Khamudkhanov added, "For better and quicker results on the ground, higher lending needs to be matched with improved implementation and enhanced technical capacity of implementing agencies.
“We appreciate the consistent efforts by the Ministry of Finance to progressively address risks and constraints through regular country and tripartite portfolio review meetings, with active participation of line ministries and relevant agencies.”
Finance Secretary Sishir Kumar Dhungana presented awards to ADB-supported projects that showed excellent results in 2019.
The Third Small Towns Water Supply and Sanitation Sector Project and Community Managed Irrigated Agriculture Sector (Additional Financing) won the outstanding project management teams awards. The Urban Water Supply and Sanitation Sector Project was awarded the best team for procurement management prize.
The SASEC Power System Expansion Project received the best team award in the categories of environmental and social safeguard monitoring; the Third Small Towns Water Supply and Sanitation Sector Project won the gender equality and social inclusion award; and the SASEC Road Connectivity Project bagged the financial management and disbursement accolade.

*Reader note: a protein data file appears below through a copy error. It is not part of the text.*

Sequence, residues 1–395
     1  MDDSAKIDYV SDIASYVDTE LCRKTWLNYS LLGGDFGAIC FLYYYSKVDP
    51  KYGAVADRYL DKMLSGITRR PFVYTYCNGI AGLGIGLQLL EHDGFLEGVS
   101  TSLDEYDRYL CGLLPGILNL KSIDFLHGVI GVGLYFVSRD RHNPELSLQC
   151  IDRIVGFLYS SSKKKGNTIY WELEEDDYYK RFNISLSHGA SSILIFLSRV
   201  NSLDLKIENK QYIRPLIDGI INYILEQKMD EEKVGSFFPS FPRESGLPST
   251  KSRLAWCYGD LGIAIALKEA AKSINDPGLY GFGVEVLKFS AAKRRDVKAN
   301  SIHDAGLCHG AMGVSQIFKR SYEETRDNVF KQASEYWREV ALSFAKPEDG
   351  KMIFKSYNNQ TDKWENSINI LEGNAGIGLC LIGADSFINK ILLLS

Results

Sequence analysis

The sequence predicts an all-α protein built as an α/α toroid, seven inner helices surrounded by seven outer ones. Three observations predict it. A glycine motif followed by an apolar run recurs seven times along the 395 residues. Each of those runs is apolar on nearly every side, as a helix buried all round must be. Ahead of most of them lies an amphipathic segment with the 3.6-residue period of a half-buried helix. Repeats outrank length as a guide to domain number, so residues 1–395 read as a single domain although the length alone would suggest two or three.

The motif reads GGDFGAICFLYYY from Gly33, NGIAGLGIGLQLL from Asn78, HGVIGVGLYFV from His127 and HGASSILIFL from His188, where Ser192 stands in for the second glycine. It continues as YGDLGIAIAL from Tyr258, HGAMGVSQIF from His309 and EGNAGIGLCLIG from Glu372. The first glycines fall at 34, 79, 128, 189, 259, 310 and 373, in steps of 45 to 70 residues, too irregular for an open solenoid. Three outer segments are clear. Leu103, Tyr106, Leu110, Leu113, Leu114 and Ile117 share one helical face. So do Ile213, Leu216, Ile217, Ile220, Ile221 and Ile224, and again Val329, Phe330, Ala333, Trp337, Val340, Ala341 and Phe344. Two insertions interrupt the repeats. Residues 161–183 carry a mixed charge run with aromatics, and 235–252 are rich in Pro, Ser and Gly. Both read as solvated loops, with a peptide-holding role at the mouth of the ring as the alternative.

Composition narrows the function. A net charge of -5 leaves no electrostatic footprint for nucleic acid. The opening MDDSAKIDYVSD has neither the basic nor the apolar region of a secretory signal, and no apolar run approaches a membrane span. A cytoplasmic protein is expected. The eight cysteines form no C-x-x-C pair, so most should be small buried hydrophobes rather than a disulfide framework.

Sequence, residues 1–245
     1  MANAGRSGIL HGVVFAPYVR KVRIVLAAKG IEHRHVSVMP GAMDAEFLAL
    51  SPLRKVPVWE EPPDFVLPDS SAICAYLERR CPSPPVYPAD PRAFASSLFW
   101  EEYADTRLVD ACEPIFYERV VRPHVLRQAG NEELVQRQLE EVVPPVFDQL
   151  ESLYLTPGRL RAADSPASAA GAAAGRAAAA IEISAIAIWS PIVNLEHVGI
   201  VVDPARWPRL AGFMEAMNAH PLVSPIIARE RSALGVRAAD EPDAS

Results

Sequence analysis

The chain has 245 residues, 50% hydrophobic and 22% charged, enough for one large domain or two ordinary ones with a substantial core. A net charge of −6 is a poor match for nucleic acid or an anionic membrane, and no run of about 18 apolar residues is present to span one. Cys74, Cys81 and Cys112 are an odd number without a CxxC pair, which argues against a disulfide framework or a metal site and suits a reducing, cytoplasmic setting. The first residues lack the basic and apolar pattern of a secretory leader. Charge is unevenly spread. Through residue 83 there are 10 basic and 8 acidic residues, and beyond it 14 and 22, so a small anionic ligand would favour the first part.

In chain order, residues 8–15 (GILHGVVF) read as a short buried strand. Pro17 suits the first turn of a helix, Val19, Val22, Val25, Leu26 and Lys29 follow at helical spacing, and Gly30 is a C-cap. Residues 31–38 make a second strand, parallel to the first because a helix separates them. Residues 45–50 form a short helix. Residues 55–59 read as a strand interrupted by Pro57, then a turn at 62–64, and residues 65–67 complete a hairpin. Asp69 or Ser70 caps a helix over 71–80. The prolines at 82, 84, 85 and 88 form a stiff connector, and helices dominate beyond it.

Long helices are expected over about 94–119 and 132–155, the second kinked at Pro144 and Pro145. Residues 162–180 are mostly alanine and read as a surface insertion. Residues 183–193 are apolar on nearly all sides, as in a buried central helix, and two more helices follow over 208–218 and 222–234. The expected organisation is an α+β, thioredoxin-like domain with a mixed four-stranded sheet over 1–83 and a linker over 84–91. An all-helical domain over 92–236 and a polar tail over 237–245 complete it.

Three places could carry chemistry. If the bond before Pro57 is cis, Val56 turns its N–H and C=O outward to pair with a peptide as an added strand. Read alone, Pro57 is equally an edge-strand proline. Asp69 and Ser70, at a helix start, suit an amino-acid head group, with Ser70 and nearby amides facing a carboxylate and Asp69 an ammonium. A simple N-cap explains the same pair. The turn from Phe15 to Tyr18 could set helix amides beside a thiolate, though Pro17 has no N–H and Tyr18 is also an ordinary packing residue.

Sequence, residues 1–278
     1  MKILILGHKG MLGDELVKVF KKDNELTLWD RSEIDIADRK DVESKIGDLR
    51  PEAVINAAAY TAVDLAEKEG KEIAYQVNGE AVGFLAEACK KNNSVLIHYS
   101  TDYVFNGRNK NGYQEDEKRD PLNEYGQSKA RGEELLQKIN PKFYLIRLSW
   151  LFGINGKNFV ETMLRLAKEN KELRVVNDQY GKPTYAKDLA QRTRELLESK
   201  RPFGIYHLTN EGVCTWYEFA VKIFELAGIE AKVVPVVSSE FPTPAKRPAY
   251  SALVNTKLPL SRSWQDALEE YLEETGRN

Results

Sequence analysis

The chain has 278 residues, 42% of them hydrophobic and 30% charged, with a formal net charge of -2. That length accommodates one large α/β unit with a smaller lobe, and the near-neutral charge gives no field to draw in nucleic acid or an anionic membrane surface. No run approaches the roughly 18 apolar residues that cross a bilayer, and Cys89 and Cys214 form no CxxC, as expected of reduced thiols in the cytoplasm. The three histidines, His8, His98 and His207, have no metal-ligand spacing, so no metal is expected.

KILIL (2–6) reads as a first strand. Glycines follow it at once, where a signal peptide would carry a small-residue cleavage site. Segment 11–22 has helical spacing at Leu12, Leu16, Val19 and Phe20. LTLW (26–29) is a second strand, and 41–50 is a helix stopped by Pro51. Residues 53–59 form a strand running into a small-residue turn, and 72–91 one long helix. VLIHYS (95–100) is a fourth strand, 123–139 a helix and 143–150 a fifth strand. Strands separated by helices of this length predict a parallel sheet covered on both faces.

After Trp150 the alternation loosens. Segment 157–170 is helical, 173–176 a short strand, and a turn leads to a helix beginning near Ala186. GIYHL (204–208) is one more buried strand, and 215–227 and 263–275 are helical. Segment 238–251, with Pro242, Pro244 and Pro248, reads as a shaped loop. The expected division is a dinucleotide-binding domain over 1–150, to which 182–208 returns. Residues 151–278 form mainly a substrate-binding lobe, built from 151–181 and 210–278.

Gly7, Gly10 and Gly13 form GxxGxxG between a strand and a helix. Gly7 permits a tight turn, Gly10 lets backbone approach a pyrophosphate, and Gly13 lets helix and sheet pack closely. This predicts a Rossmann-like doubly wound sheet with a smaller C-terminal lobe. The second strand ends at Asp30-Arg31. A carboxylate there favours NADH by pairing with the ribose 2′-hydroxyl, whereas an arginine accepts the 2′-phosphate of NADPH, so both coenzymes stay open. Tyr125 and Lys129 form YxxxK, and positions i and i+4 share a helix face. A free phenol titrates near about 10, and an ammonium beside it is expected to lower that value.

“These awards recognize the project teams' excellence not only in effective project management which helped save time and prevent cost overruns, but also prioritize gender equality and social inclusion, as well as environmental sustainability and social safeguards,” said Khamudkhanov.
Although secretaries, heads of the project expressed their commitments to expedite the current weakness and improve the performance in next review meeting, whether they will come out with much better results in coming meeting is yet to see. For Nepal's overall development, low disbursement means lost opportunity.